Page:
As a trainer, one of the things that I like my students to do is get rid of 'physical limitations' that can reduce your actual productivity. As I work as a developer in addition to my training duties, here are some stuff that make me better.
Wireless Keyboard and Mouse
In a modern workplace, it is fairly difficult to find desktop machines being used by developers. From a purely maintenance perspective, it makes sense for the IT department to give out portables/laptops. Same goes to college students. It simply makes sense that your daily programming device is a portable.
However, I find that your speed improves much more if you club this with a wireless keyboard and mouse. The thing about the built in keyboard on the laptop, is that, it's crammed. The standard size of laptops is 15 inches, so your keyboard is no bigger than 14 inches. You also don’t get that tactile feedback when typing. The built in trackpad is good for occasional browsing but for heavy duty usage (which is a given whe you programming) the mouse is the only way to go.
I must also insist that the keyboard and mouse be wireless. You can have a basic wireless keyboard/mouse for 800 rupees (13 dollars) and never ever buy wired keyboard/mouse please.
Almost every IDE that you use has short cuts. In fact, they are sites dedicated entirely to shortcuts. Then, there are windows shortcuts that can turn you into a powerhouse developer.
For instance, when switching tabs, use Ctrl Tab. When switching between windows, use Ctrl Window. Then, there are page down, page up, ctrl + arrow keys, and Home and End keys. These keys will take some getting used to. In fact, if you are only now starting to use shortcuts, you will feel that the entire procedure is actually slowing you down. It will takes a while for you to remember the actual shortcut. You will begin to think, the mouse is better.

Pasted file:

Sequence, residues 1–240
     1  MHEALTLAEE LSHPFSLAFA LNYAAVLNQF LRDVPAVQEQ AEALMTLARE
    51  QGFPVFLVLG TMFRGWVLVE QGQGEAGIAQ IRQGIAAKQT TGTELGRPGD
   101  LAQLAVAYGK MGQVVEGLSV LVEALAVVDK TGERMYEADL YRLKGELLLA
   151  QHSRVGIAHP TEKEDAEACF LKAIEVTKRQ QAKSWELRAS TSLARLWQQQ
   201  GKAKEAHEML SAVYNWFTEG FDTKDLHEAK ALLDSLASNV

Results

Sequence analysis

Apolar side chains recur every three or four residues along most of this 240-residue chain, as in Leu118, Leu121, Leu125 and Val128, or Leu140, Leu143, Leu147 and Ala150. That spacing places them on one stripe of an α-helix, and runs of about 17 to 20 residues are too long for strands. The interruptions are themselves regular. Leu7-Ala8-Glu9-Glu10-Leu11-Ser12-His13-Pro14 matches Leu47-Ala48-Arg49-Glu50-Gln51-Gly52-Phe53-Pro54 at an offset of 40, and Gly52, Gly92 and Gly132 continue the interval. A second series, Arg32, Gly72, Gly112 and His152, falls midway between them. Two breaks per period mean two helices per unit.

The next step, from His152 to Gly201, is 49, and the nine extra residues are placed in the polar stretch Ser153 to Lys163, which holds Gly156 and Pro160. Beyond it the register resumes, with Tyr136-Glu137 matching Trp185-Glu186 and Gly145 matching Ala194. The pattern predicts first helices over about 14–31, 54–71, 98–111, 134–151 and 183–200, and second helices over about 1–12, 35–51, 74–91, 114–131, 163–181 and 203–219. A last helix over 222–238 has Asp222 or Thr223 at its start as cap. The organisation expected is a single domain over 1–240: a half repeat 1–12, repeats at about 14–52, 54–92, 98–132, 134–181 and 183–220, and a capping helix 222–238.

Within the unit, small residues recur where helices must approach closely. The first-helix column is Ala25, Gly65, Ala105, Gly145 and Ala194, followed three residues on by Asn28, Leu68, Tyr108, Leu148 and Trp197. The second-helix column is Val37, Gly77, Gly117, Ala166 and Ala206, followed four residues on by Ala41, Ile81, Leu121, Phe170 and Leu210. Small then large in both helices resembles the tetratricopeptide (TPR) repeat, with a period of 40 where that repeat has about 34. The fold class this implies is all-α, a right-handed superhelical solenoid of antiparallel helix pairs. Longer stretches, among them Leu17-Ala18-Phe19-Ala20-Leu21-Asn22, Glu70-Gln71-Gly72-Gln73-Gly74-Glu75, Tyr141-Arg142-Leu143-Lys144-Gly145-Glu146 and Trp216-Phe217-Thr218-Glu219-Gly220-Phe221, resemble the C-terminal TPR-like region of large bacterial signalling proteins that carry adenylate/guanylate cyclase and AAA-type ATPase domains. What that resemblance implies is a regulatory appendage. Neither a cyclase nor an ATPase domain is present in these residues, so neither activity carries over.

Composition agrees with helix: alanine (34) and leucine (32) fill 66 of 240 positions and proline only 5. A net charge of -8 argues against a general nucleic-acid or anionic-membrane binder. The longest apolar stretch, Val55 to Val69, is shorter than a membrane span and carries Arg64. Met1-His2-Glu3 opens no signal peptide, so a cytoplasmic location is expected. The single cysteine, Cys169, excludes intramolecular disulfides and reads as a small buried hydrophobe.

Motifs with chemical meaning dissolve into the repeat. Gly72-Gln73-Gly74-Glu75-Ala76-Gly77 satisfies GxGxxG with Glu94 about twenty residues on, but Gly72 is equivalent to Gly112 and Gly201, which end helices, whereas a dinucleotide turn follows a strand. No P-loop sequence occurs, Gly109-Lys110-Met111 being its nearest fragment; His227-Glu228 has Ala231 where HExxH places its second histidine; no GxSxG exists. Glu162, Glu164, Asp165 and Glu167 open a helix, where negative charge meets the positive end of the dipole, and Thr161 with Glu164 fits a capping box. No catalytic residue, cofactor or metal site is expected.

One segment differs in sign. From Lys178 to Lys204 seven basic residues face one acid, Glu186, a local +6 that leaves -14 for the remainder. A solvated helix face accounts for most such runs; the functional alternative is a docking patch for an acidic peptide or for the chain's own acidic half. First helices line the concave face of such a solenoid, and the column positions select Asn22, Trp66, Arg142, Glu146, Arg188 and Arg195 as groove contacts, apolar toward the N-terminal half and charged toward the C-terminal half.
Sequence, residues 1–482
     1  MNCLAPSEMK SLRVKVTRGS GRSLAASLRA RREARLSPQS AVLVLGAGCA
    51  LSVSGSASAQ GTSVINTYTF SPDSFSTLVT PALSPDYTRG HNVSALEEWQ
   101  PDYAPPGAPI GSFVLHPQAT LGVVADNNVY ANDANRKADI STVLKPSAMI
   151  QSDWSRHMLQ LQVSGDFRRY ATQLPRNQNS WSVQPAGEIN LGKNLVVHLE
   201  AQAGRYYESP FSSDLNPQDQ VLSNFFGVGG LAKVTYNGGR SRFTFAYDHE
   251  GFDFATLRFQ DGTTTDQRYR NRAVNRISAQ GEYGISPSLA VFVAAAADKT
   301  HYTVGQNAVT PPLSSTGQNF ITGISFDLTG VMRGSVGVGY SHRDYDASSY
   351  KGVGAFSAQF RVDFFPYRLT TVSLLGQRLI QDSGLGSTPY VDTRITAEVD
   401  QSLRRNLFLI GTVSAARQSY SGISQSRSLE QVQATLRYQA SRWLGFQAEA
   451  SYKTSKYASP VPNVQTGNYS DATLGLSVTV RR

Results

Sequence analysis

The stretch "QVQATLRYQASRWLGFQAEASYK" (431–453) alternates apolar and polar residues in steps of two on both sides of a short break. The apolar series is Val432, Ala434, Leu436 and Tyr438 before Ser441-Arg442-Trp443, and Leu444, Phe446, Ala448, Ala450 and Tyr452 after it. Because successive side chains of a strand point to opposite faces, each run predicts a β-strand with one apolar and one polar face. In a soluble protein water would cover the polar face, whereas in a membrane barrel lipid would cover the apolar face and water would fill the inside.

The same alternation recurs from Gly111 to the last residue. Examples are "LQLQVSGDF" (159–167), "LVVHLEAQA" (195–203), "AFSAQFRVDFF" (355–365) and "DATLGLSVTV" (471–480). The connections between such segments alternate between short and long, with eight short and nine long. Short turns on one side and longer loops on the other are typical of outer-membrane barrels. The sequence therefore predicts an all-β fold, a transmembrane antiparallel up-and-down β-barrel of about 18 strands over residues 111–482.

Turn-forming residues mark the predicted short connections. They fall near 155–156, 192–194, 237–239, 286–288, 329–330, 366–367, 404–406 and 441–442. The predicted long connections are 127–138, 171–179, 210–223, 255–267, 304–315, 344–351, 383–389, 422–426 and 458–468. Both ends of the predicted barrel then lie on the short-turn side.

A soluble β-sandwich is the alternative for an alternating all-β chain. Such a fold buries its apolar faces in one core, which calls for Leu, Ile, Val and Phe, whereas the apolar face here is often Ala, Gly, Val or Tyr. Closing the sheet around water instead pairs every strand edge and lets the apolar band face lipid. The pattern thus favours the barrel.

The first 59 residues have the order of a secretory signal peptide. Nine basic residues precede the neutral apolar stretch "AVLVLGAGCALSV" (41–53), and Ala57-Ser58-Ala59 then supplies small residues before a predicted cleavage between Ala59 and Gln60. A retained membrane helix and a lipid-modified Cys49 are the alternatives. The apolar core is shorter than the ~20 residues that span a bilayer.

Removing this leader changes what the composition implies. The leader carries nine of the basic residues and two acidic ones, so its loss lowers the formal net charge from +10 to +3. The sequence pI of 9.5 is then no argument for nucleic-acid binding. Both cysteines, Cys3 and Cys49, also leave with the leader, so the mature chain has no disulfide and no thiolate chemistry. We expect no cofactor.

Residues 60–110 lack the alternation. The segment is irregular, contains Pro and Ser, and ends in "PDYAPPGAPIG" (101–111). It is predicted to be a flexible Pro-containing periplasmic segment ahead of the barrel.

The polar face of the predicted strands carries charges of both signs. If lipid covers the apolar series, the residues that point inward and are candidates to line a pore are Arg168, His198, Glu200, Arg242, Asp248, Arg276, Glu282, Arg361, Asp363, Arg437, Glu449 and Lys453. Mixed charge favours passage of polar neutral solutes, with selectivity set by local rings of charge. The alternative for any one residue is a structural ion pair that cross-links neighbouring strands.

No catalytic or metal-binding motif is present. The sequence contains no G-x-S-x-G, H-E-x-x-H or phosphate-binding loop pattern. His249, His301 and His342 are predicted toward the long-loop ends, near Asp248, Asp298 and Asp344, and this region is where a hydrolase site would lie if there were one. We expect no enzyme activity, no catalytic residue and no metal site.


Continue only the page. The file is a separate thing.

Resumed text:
However, once you get past the steep learning curve, the shortcuts get built into the muscle memory and you will be saving minutes every day.
Also, using short cuts makes you look really cool. It does, and trust me on this.
There is no other to way to say. Your chose IDE will support regions and commenting. Please take a few minutes to write the necessary comments and divvy up the code into regions. Sure, when you are on a roll and coding away on all cylinders, you may feel that the comments and regions are holding you back.
The truth is, coding is simply a small portion of your role as a 'software developer'. Always aim to be a 'developer' and not just a 'coder' or a 'programmer'. Software development involves a lot of other things like testing and fixing bugs. It also involves adding new features at some later point. Consider that most software is built by teams. These comments and regions ensure that your code becomes readable.
Sure, writing comments and using regions will consume some time. In fact, I have spent more time writing comments and adding regions when compared to the actual code itself. However, when issues arise (and they always will) it becomes that much easier to narrow down to the actual problem location. This also leads to less time taken to fix issues.
From a long term perspective, when another developer takes over your projects (developers, as with any other professionals are constantly changing jobs, shifting roles and so on), she will be that much happier when she sees the comments and regions.
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